RSA 2013: IDC Seeing IT Security Market Growth

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SAN FRANCISCO: Analyst firm IDC has some good news for the rows of vendors showing their wares at the RSA conference this week: The security market is still growing.

Speaking during IDC's annual analyst breakfast meeting at RSA, Chris Christiansen, program vice president for IDC's Security Products and Services group, detailed key trends in the sector.

"The IDC security group started in 1997 and every year people say the numbers are too high," Christiansen said. "We keep emphasizing that the security market is unlike any other IT sector."

The security business deals with ongoing and evolving threats that threaten companies' ability to do business. The dynamic nature of the threat landscape is also a cause for continuous innovation and creates a never-ending need for security products.

Which Areas Are Growing?

"We're not seeing 50 or 60 percent growth rates anymore, but double-digit growth in this market is pretty amazing," Christiansen said.

In terms of specific sectors, IDC saw year-over-year growth of 17.3 percent for the secure messaging market, nearing almost $700 million in revenue for 2012. The network security market grew at a 12.1 percent year-over-year pace to just over $1.2 billion.

"We're seeing strong growth in UTM (Unified Threat Management) and the appliance area in general," Christiansen said.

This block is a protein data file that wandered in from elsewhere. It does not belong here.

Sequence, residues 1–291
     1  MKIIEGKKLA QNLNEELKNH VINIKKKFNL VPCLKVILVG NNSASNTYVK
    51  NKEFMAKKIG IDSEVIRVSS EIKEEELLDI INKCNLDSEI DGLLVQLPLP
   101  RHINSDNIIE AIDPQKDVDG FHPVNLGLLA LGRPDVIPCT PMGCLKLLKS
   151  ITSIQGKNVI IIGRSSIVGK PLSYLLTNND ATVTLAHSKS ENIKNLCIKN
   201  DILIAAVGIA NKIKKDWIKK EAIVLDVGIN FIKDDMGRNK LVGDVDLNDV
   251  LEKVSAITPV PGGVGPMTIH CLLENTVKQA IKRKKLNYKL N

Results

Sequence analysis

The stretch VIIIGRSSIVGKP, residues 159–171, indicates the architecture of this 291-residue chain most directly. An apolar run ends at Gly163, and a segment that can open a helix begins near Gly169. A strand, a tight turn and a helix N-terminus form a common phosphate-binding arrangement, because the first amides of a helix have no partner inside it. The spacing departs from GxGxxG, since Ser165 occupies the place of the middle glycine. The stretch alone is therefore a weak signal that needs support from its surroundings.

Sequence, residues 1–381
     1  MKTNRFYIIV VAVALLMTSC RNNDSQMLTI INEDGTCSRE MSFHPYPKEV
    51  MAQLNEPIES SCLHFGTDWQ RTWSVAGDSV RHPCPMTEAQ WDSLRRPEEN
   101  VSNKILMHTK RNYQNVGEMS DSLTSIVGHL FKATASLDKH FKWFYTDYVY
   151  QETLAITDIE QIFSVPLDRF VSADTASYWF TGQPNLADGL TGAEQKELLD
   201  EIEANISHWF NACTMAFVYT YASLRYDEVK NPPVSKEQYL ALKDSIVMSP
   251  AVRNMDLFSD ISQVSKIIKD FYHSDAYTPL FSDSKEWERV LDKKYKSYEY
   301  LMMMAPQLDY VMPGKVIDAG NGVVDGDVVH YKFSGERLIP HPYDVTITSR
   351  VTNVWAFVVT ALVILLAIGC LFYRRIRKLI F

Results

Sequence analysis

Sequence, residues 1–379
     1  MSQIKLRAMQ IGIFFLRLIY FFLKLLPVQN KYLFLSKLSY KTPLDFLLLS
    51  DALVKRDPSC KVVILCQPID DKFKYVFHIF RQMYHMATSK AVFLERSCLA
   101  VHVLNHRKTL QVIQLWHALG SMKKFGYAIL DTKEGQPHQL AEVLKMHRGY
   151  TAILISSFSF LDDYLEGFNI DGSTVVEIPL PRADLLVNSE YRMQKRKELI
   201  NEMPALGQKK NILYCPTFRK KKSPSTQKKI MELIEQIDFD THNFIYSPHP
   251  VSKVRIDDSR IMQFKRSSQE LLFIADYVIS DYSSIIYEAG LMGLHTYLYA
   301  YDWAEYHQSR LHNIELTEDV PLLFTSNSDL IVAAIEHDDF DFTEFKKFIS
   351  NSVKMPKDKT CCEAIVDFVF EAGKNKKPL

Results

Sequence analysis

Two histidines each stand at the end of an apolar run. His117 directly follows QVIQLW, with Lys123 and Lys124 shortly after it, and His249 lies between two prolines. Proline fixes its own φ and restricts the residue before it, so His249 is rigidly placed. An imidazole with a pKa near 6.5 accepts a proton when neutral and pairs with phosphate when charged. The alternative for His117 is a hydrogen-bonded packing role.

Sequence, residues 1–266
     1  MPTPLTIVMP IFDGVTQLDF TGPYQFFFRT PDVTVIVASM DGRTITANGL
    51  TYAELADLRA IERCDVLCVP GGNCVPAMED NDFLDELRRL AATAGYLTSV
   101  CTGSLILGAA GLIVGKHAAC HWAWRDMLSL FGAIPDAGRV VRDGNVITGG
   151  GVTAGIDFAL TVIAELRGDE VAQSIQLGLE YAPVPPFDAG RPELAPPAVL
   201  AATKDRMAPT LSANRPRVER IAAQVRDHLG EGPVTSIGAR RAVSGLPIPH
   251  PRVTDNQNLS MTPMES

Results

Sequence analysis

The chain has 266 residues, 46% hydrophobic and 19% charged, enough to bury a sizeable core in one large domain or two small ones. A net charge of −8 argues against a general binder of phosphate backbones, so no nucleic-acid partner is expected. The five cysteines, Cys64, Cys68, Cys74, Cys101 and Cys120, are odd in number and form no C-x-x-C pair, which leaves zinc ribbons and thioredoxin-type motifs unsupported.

Companies are expressing increased interest in Web security delivered via a software-as-a-service model. SaaS security is seeing growth of 28.1 percent, nearing $340 million in revenues. Security and vulnerability management vendor technologies grew 10.4 percent, to nearly $440 million.

BYOD, Big Data and Other Security Trends

From a trend perspective, IDC predicts revived interest in Network Access Control (NAC) as a key feature for enterprise access and BYOD.

Big Data-based iterative intelligence is another key trend observed by IDC. The basic idea behind iterative intelligence is that security pros can see attacks and then incorporate the lessons learned into a collection mechanism; thus they get smarter every time they see an attack.

"The level of integration necessary to do this really well is difficult," Christiansen said.

The Internet of Things is also set to be a big topic in security as everything gets an IP address. "It'll be creepy; you'll know more about stuff than you should," Christiansen said.

Sean Michael Kerner is a senior editor at InternetNews.com. Follow him on Twitter @TechJournalist.